The opinion of the court was delivered by: Donetta W. Ambrose Senior U.S. District Judge
Presently, the Krones Defendants have moved to dismiss the Marshall Defendants' cross-claims against them,*fn1 on grounds that RICO does not permit claims for indemnity or contribution. The Marshall Defendants oppose the Motion, contending that it is not clear that such claims are disallowed under RICO.
To survive dismissal, a complaint must contain sufficient factual matter, accepted as true, to "state a claim to relief that is plausible on its face." Ashcroft v. Iqbal, 129 S. Ct. 1937, 1949, 173 L. Ed. 2d 868 (2009).In deciding a motion to dismiss, all factual allegations, and all reasonable inferences therefrom, must be accepted as true and viewed in a light most favorable to the plaintiff. Colburn v. Upper Darby Twp., 838 F. 2d 66, 666 (3d Cir. 1988). In ruling on a motion for failure to state a claim, I must look to "whether sufficient facts are pleaded to determine that the complaint is not frivolous, and to provide the defendants with adequate notice to frame an answer." Id.
Our Court of Appeals has noted, with approval, a district court's decision that "there is no right to indemnification or contribution under RICO." County of Hudson v. Janiszewski, 351 Fed. Appx. 662, 666, 667 (3d Cir. 2009). Several courts, in various jurisdictions, have reached similar conclusions. See, e.g.,Riverhead Sav. Bank v. National Mortg. Equity Corp., 893 F.2d 1109, 1117 n. 2 (9th Cir. 1990) (citing cases). Indeed, it has been noted within this Circuit that "[t]he courts are uniform in holding that there is no right to contribution or indemnity for violations of the RICO statute." Frankford Trust Co. v. Advest, Inc., No. 93-329, 1996 U.S. Dist. LEXIS 20056, at *10 (E.D. Pa. Aug. 5, 1996).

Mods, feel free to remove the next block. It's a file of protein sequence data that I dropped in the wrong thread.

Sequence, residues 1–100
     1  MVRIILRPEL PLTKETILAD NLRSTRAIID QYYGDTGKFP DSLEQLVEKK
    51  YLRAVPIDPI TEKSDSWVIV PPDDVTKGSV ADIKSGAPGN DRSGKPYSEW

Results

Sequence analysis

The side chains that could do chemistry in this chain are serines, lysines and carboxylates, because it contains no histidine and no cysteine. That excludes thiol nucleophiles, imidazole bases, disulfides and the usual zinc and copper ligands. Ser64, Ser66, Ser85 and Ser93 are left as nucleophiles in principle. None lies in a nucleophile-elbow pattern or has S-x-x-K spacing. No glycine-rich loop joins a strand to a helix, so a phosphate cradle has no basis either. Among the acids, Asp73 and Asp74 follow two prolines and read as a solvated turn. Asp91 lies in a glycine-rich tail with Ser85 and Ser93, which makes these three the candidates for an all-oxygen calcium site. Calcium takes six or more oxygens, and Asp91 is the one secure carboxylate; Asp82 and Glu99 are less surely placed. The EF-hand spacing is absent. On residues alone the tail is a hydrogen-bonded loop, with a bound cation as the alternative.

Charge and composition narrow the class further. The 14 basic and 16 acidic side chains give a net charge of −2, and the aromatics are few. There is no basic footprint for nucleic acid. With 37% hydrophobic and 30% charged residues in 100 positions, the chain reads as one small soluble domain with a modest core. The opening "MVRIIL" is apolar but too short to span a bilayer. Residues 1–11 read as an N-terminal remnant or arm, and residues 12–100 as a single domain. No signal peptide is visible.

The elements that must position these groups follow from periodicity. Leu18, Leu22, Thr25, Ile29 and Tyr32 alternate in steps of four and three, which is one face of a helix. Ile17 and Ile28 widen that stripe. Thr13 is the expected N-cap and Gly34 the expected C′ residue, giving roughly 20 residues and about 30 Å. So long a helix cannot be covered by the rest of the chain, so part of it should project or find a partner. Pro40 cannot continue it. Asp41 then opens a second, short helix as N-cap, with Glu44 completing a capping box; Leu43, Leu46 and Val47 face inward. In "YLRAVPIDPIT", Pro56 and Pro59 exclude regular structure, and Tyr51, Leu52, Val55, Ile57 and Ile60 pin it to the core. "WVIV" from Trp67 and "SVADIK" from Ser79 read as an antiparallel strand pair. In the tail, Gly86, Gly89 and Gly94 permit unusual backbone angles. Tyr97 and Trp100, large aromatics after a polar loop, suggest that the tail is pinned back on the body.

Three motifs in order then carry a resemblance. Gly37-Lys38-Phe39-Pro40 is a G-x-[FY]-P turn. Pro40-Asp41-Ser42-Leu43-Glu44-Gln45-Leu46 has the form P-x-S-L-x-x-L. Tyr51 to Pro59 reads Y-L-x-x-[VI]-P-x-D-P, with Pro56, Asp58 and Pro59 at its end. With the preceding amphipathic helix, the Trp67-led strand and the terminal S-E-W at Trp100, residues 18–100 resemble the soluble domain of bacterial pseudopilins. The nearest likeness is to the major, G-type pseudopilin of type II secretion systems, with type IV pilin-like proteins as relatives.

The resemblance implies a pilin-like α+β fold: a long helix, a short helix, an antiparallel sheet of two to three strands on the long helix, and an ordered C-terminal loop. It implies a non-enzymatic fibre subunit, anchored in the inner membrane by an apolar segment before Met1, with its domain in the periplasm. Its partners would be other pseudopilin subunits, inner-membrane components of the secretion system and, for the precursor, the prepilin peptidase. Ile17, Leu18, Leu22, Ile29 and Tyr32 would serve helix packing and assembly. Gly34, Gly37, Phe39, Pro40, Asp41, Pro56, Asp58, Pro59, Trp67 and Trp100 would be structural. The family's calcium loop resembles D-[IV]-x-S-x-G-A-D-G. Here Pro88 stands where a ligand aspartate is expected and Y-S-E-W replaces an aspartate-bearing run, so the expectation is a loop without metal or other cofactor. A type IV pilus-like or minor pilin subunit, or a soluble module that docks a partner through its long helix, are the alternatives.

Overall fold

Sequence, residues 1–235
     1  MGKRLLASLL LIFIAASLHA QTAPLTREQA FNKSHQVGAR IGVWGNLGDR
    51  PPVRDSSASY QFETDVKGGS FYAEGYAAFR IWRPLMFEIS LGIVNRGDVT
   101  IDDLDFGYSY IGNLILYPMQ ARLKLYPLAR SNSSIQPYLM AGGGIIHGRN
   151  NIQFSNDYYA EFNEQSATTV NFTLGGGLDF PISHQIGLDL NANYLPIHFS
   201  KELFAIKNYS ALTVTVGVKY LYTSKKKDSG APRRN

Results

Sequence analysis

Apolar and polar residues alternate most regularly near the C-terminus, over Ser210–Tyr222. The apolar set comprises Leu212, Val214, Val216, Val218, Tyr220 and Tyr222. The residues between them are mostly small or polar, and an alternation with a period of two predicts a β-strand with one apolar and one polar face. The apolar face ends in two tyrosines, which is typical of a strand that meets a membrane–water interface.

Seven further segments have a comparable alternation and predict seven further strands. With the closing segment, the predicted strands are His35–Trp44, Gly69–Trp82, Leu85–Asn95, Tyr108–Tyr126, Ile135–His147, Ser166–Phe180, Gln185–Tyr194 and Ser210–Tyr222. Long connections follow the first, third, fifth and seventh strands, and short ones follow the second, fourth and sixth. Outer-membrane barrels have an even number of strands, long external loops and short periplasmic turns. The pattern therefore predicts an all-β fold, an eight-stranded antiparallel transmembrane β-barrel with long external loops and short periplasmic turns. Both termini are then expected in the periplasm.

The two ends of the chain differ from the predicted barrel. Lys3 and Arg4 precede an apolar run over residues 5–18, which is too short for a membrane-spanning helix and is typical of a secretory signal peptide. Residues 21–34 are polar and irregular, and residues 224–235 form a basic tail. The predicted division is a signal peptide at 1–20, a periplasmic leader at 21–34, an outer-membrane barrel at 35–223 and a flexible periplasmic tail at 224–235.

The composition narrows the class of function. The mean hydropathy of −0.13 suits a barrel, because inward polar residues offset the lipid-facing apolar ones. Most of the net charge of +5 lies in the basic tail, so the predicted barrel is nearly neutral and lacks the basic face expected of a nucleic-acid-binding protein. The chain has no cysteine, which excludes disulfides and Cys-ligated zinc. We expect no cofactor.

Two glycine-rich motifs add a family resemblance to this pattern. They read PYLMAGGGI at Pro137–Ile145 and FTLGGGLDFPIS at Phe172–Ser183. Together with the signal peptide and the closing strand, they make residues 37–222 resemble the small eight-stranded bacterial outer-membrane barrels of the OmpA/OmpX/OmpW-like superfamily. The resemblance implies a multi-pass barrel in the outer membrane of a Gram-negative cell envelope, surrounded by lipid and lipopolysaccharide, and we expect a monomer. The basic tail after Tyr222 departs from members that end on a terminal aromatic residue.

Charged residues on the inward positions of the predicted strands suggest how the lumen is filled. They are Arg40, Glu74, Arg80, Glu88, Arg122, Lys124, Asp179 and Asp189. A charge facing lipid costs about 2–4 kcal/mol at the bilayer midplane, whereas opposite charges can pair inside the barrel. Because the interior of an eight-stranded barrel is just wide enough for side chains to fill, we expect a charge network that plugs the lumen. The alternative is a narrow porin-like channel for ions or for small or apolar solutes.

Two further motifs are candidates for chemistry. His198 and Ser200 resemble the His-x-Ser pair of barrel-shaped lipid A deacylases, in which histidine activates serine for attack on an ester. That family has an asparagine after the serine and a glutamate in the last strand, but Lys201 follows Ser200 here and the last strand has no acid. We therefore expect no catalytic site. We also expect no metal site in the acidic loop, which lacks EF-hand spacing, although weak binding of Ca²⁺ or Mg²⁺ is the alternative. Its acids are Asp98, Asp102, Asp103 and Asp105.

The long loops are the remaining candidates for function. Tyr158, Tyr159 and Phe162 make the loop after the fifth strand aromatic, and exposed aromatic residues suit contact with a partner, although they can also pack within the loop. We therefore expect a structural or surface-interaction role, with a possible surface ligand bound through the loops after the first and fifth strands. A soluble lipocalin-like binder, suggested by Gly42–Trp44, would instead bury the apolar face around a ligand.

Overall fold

In opposition, Defendants contend that the Supreme Court has never addressed this issue; that the Second Circuit has impliedly approved such claims; Janiszewski is unpublished and not binding; and that other statutes without express contribution or indemnity provisions have been read to allow such claims. I have reviewed these contentions, and particularly in light of the guidance proffered by our Court of Appeals, find them unpersuasive. Defendants also argue that the case cited to by our Court of Appeals is ambiguous, and allows RICO indemnity "in certain situations." I disagree. In the case referred to, Friedman v. Hartmann, 787 F. Supp. 411, 418 (S.D.N.Y. 1992), the court "conclude[d] that, for the same reasons that there is no right to contribution under RICO, there is also no right to indemnity under RICO." It went on to state that "even if indemnity were available under RICO in certain situations," it would have been unavailable on the facts before the court. Id. Accordingly, it did not opine that RICO allowed indemnity in certain situations.
In sum, I find that the Marshall Defendants have failed to state a claim for contribution and indemnity against the Krones Defendants.
AND NOW, this 21st day of November, 2011, it is hereby ORDERED, ADJUDGED, and DECREED that the Krones Defendants' Motion to Dismiss (Docket 437) is GRANTED.